Punctuating with Semicolons

Avoiding the Full-Stop of a Period Between Independent Clauses

semicolon
Richard Hodges, The English Primrose (1644). (Fotosearch/Getty Images)

The semicolon (";") is a mark of punctuation most commonly used to separate independent clauses that share the same general idea or ideas, suggesting a closer connection between the clauses than a period does.

English author Beryl Bainbridge described the semicolon as "a different way of pausing, without using a full stop." Semicolons still appear fairly often in academic writing; however, they have fallen out of fashion in less formal kinds of prose — as Associated Press editor Rene Cappon advises, "you would do well to keep semicolons at a minimum."

That said, semicolons can also be used to separate items in a series containing commas to distinguish each item from the next group of items. Learning how to use the semicolon effectively can drastically improve the flow and clarity of a written work.

Rules and Usage

Although contentious in the modern literary world, semicolon usage has a long history of serving a vital purpose in written English, allowing for a flow and eloquence to prose, a rhythm set by variations in punctuation as well as word choice.

The most useful and indeed practical usage rule for semicolons might be its usage to separate items in a list that contains commas. This is especially useful when separating lists of people and their job titles — such as "I met John, the painter; Stacy, the business executive; Sally, the lawyer; and Carl, the Lumberjack at the weekend retreat" — to prevent confusion.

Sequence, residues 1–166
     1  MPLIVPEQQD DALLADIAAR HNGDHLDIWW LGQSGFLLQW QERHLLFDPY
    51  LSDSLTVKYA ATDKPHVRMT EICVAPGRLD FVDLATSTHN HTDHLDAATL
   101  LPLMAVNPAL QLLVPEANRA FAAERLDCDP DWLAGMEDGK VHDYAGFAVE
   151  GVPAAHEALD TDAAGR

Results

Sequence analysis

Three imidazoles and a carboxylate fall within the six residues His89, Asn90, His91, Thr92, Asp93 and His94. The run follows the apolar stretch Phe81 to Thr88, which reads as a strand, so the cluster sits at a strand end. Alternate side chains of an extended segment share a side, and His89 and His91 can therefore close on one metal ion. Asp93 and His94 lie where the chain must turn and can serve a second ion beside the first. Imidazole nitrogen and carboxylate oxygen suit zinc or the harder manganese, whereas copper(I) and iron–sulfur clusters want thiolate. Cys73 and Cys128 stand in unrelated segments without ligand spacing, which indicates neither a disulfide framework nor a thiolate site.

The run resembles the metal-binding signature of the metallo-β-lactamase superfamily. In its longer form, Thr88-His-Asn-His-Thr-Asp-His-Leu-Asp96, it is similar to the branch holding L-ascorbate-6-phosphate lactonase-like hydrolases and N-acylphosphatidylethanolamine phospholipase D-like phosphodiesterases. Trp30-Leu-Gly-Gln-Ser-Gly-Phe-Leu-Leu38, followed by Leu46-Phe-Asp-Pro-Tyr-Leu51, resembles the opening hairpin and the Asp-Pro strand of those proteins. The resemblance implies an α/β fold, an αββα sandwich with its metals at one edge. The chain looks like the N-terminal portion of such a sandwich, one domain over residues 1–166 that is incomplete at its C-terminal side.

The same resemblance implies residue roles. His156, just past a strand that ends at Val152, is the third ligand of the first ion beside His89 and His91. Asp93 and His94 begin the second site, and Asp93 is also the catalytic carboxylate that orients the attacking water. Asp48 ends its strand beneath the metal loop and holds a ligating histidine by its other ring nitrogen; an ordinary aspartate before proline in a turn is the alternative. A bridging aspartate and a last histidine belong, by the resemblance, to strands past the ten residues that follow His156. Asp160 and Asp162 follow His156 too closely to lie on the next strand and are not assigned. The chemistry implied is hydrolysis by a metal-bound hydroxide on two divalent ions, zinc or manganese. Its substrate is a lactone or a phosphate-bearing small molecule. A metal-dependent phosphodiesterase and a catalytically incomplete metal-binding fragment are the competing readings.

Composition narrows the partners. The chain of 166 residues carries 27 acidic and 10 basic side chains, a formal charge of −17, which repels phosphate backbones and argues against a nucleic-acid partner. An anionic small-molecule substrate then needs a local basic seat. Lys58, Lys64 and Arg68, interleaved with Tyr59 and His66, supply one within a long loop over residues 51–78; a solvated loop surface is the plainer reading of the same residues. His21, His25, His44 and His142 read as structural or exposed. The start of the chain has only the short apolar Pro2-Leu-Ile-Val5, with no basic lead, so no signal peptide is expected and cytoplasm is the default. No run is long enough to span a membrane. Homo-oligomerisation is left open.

As Irish author Anne Enright put it in Jon Henley's "The End of the Line," the semicolon is also useful "when you need a sentence to shift or surprise; to be modified or amended; it allows a generosity, lyricism, and ambiguity to creep into the sentence structure." Basically, Enright posits that semicolons have their purpose, but should be used with care to avoid seeming self-indulgent or linking too many independent clauses together without giving the reader a break.

The Decline of Semicolons

This idea that semicolons are meant to provide a pause but still link independent clauses together in a piece of writing has all but died out in modern English usage, at least according to some English critics like Donald Barthelme, who describes the punctuation mark as "ugly, ugly as a tick on a dog's belly."

Sam Roberts says in "Seen on the Subway," that "In literature and journalism, to say nothing of advertising, the semicolon has been largely jettisoned as a pretentious anachronism. Especially by Americans," wherein "we prefer shorter sentences without, as stylebooks advise, that distinct division between statements that are closely related but require a separation more prolonged than a conjunction and more emphatic than a comma."

Basically, critics across the board argue that the semicolon, though highly useful in scholarly articles and academic papers, are best left to use there and have no usage in modern prose and poetry where they come across as inauthentic and braggadocious.

For creative writers, it's best to leave out the semicolon — or use it sparingly. Kurt Vonnegut famously starts "Here is a Lesson in Creative Writing" with "First rule: Do not use semicolons. They are transvestite hermaphrodites representing absolutely nothing. All they do is show you've been to college."